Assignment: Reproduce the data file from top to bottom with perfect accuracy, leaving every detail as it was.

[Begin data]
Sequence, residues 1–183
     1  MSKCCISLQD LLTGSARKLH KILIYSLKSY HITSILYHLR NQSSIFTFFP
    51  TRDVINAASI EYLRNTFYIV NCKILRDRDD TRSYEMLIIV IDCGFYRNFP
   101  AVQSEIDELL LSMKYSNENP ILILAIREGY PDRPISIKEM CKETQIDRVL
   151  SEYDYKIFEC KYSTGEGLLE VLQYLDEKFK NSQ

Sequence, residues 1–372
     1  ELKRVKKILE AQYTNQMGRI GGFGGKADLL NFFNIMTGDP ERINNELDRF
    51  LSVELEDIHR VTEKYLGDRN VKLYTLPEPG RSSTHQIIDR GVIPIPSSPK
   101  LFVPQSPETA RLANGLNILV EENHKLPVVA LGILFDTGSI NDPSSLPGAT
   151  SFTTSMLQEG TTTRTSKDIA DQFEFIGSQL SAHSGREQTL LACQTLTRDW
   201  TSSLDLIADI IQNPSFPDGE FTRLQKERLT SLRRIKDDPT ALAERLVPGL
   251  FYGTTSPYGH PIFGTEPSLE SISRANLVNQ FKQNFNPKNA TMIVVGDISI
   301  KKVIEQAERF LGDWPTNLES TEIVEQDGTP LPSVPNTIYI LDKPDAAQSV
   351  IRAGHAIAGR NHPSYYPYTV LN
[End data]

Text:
Sequence, residues 1–183
     1  MSKCCISLQD LLTGSARKLH KILIYSLKSY HITSILYHLR NQSSIFTFFP
    51  TRDVINAASI EYLRNTFYIV NCKILRDRDD TRSYEMLIIV IDCGFYRNFP
   101  AVQSEIDELL LSMKYSNENP ILILAIREGY PDRPISIKEM CKETQIDRVL
   151  SEYDYKIFEC KYSTGEGLLE VLQYLDEKFK NSQ

Sequence, residues 1–372
     1  ELKRVKKILE AQYTNQMGRI GGFGGKADLL NFFNIMTGDP ERINNELDRF
    51  LSVELEDIHR VTEKYLGDRN VKLYTLPEPG RSSTHQIIDR GVIPIPSSPK
   101  LFVPQSPETA RLANGLNILV EENHKLPVVA LGILFDTGSI NDPSSLPGAT
   151  SFTTSMLQEG TTTRTSKDIA DQFEFIGSQL SAHSGREQTL LACQTLTRDW
   201  TSSLDLIADI IQNPSFPDGE FTRLQKERLT SLRRIKDDPT ALAERLVPGL
   251  FYGTTSPYGH PIFGTEPSLE SISRANLVNQ FKQNFNPKNA TMIVVGDISI
   301  KKVIEQAERF LGDWPTNLES TEIVEQDGTP LPSVPNTIYI LDKPDAAQSV
   351  IRAGHAIAGR NHPSYYPYTV LN